When a Court issues a judgment for money, there are a number of ways that the judgment creditor can try to enforce the judgment if the judgment is not paid voluntarily. One common method of enforcing a judgment against an individual is to have the pay of the judgment debtor garnished.
In Nevada, tips are explicitly included in earnings which may be garnished. NRS 31.295(1)(b); see also NRS 21.090(1)(g)(2) (including tips as part of earnings, only 75% of which is generally exempt from execution). Federal law is more nuanced, but will also generally allow the garnishment of tips for a federal judgment so long as the employer is claiming a tip credit, which is the usual case. See 15 USC 1672(a) (defining earnings broadly)
Some employers may be confused about whether tips should be garnished because certain other states, such as Tenessee do not generally permit tips to be garnished. Erlanger Med. Ctr. v. Strong, 382 S.W.3d 349, 353 (Tenn. Ct. App. 2012). Also, there was a time period in Nevada when it was not clear whether tips could be garnished, but the law was changed to explicitly include them in an amendment in 2005.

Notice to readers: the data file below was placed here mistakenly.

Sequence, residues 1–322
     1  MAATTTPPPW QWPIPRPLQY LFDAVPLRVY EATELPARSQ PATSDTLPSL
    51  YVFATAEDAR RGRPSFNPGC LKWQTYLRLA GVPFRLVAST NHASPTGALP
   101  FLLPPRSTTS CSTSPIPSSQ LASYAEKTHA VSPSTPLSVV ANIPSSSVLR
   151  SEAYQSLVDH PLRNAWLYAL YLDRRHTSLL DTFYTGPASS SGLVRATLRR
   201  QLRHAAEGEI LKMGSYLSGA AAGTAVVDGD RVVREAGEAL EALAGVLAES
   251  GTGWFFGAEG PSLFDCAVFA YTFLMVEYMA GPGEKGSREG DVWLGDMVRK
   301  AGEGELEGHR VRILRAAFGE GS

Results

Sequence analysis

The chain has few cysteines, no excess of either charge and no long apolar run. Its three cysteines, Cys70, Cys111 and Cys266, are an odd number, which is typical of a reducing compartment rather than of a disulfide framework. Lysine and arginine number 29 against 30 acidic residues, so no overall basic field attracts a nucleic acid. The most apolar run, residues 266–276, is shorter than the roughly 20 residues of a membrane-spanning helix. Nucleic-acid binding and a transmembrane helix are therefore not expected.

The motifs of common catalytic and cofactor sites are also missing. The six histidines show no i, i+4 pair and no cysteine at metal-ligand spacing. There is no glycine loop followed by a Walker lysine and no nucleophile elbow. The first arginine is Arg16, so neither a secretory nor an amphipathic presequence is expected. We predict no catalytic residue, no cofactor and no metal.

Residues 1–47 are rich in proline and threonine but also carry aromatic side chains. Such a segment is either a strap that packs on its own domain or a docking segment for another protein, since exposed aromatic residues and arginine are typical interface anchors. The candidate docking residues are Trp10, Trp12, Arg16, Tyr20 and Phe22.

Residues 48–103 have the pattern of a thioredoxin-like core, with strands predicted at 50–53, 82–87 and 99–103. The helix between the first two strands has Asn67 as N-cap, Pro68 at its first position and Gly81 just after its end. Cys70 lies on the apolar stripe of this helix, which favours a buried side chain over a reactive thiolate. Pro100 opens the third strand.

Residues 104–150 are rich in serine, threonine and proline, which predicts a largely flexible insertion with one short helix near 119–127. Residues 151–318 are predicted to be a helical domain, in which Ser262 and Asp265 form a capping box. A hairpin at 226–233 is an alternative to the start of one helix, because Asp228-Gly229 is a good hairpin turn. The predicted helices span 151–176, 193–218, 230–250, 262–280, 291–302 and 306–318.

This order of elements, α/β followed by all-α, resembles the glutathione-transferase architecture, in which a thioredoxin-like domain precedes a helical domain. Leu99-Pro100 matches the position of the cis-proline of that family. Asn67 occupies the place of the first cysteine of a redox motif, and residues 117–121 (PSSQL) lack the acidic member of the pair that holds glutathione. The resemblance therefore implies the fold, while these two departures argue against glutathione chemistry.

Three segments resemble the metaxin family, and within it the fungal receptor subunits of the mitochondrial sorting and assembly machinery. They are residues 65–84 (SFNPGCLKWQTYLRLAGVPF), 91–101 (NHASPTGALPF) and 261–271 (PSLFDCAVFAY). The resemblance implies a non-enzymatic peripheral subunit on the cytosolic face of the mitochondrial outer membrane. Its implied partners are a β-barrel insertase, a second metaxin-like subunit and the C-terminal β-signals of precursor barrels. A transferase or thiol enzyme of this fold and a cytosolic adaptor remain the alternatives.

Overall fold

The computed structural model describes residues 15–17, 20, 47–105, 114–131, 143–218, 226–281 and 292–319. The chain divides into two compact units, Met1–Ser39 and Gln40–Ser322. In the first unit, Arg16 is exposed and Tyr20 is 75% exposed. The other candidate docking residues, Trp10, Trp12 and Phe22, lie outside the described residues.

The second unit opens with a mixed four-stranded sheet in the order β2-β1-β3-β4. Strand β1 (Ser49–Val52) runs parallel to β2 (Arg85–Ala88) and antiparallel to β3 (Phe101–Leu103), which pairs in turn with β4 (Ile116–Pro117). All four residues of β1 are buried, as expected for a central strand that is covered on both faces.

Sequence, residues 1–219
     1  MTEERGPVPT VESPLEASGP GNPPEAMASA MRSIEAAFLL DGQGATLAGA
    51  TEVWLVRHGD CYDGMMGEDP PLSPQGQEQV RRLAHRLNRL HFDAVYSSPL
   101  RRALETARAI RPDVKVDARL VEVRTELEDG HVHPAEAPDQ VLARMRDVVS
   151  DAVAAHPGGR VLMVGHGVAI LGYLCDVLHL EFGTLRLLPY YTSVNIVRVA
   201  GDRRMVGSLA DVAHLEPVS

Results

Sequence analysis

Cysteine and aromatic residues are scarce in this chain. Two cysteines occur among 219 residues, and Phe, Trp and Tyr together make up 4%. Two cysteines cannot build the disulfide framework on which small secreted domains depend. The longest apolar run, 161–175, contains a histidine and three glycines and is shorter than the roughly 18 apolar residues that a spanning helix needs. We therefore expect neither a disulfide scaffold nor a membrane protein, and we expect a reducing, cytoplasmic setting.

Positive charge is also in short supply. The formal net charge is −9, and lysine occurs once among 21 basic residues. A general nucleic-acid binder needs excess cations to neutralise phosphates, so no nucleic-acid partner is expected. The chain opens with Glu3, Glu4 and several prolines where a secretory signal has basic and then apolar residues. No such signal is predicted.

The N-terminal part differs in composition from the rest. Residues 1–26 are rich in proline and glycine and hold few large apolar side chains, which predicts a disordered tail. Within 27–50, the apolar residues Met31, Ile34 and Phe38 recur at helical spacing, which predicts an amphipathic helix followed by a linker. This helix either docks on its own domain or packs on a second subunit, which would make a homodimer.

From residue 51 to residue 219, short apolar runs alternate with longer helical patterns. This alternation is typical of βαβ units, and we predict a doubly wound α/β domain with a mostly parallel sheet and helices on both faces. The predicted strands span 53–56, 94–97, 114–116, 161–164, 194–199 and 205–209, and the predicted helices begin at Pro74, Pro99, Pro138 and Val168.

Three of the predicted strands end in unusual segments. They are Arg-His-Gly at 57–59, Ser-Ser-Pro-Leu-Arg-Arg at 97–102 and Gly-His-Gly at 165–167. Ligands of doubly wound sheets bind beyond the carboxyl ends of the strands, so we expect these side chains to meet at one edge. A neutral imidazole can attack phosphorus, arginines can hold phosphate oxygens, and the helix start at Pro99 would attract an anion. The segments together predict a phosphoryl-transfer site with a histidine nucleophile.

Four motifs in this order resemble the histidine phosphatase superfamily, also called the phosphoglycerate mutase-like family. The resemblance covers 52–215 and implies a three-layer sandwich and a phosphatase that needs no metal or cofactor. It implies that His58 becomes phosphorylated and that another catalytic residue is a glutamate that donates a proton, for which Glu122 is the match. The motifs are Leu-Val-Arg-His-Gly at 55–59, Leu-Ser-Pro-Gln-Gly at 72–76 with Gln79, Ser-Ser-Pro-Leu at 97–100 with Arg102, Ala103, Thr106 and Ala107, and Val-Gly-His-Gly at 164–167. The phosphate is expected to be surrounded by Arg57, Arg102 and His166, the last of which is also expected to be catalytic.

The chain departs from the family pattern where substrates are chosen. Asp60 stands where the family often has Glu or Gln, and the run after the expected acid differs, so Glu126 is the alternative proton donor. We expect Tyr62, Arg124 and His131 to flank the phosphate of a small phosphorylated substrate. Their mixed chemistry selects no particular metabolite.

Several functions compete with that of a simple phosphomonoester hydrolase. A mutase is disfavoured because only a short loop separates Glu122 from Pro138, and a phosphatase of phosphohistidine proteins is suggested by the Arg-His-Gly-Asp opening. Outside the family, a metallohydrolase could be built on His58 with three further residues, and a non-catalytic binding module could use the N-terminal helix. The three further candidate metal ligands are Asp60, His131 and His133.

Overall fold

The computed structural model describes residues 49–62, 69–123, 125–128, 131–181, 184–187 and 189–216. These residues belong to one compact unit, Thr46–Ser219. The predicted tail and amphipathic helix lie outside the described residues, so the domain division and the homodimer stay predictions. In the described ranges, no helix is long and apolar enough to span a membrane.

As a practical matter, there may be difficulties in tracking and garnishing tips which are paid directly to the employee in cash. But if the tips are paid through credit card or if they pass through the employer’s hands as part of a tipping pool, then they are clearly included in earnings in this state and may be garnished.